Wednesday, June 26, 2013

Antenna Topics: Antenna Trimming Shortcut. Post #205

Most of us who use the general formula for a half-wavelength flat top dipole (468/f (Mhz)=L (ft), rarely give much thought on how accurate the dipole length really is.  We cut the dipole to its calculated length, cut the wire in half, attach center connector and insulators, attach a length of 50 or 75 - ohm coaxial cable, suspend the wire between two tall supports, and prepare for a day of radio fun.  In most cases, your dipole will work well, although a little trimming or pruning may be necessary to bring the wire antenna into resonance.

I'll admit to being lazy in this department.  As long as the SWR falls below 1.5 to 1, I don't bother trimming.  Even if the SWR hovers around 1.7 to 2.0 to 1, I always can use my trusty Drake MN-4 to bring the SWR below 1.5 to 1.

Suppose you wanted to make your antenna (in this case for 40 meters), as resonant as possible and do without a tuner altogether?  Instead of cutting and trimming, wouldn't it be nice just to cut the dipole length once and come up with a low SWR?

After doing a bit of research in several ARRL documents, I found an article by Joseph H. NeCamp (W4JBQ) in the 11th Edition of "Hints and Kinks for the Radio Amateur" that addresses that issue.  Following Mr. NeCamp's example, I duplicated his pruning example with a temporary 40 meter flat top dipole in my backyard.  I used two 33-foot (10.06 meters) MFJ fiberglass masts to support the antenna.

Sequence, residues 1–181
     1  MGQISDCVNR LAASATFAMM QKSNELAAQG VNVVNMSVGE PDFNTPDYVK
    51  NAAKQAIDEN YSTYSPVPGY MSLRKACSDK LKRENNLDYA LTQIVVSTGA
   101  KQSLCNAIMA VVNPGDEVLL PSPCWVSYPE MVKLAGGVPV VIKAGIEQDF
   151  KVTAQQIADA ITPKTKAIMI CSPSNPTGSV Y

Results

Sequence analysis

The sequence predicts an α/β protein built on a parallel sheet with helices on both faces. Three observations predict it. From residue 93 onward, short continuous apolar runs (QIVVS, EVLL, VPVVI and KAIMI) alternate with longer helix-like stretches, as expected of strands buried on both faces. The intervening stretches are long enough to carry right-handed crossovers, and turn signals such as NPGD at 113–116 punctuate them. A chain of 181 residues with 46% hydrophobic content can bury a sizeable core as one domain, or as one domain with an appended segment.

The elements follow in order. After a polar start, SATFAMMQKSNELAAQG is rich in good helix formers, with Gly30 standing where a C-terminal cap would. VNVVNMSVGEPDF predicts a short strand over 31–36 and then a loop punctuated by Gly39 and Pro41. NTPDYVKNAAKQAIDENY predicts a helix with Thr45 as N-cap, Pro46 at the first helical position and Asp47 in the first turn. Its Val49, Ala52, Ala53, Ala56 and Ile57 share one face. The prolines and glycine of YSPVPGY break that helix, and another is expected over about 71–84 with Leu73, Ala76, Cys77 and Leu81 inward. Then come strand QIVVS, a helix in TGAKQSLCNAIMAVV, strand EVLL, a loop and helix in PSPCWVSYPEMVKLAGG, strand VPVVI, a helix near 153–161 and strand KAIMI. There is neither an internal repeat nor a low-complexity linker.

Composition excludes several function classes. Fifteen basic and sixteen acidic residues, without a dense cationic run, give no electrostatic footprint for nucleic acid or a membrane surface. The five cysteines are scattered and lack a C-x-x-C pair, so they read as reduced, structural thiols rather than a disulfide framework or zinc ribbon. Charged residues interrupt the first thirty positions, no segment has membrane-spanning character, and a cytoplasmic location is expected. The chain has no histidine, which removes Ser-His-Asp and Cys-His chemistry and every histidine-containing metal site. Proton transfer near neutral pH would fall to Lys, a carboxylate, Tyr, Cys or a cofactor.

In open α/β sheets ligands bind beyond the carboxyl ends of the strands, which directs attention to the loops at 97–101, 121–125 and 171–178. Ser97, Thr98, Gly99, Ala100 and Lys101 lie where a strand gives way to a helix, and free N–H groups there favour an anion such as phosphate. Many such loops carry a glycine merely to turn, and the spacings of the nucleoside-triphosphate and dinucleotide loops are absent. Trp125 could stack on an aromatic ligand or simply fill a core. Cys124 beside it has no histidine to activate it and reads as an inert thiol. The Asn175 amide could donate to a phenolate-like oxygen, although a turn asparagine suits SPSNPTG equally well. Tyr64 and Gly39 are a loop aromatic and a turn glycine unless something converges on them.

Like Mr. NeCamp, I cut a dipole resonant at 7.05 MHz using the general dipole formula (468/f (MHz)=L (ft).  The length of the dipole worked out to be 66.4 feet/20.24 meters or 33.2 feet/10.12 meters for each dipole element.  A check with a SWR bridge showed resonance around 7.15 MHz.  Obviously, my original calculated length was off by quite a bit.  I would have to add some more wire to each element to make the dipole resonant.  Here's how  W4JBO adjusted things:

"Multiplying the original 66.4 feet times the actual resonant frequency of 7.15 MHz yields 475, a new constant to use in the formula in this particular installation."  NeCamp continues by saying: "L=475/7.05=67.4 feet.  If the original short dipole is lengthened to 67.4 feet (20.54 meters), the resonant frequency will be very close to the desired 7.05 MHz."

I tried this pruning method and it works.  With each dipole element measuring 33.7 feet/10.27 meters. I had a SWR of 1.2 to 1 at the desired frequency without using the Drake MN-4.  Of course results will depend on your dipole's height above ground, the type of coax used as the feed line, and surrounding objects which could detune the antenna.  I was able to remove the antenna transmatch and enjoyed a casual afternoon of "rag chewing" on 40 meter cw.


NeCamp, Joseph H. (W4JBQ).  An Antenna - Pruning Shortcut.  Contained in "Hints and Kinks for the Radio Amateur", 11th Edition. Copyright 1982.  ARRL, Newington, CT, 06111. Page 5-9.

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Aloha es 73 de Russ (KH6JRM)

BK29jx15--along the beautiful Hamakua Coast of Hawaii Island.